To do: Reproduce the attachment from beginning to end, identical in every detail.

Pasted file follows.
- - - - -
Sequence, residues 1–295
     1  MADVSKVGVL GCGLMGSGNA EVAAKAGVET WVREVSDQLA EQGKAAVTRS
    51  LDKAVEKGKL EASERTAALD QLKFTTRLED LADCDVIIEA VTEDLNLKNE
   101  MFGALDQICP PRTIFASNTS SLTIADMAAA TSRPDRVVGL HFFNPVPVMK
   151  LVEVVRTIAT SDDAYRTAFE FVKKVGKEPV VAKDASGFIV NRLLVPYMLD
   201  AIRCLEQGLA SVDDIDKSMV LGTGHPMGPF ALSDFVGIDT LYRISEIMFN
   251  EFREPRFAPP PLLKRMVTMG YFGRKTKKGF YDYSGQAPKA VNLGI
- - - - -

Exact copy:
Sequence, residues 1–295
     1  MADVSKVGVL GCGLMGSGNA EVAAKAGVET WVREVSDQLA EQGKAAVTRS
    51  LDKAVEKGKL EASERTAALD QLKFTTRLED LADCDVIIEA VTEDLNLKNE
   101  MFGALDQICP PRTIFASNTS SLTIADMAAA TSRPDRVVGL HFFNPVPVMK
   151  LVEVVRTIAT SDDAYRTAFE FVKKVGKEPV VAKDASGFIV NRLLVPYMLD
   201  AIRCLEQGLA SVDDIDKSMV LGTGHPMGPF ALSDFVGIDT LYRISEIMFN
   251  EFREPRFAPP PLLKRMVTMG YFGRKTKKGF YDYSGQAPKA VNLGI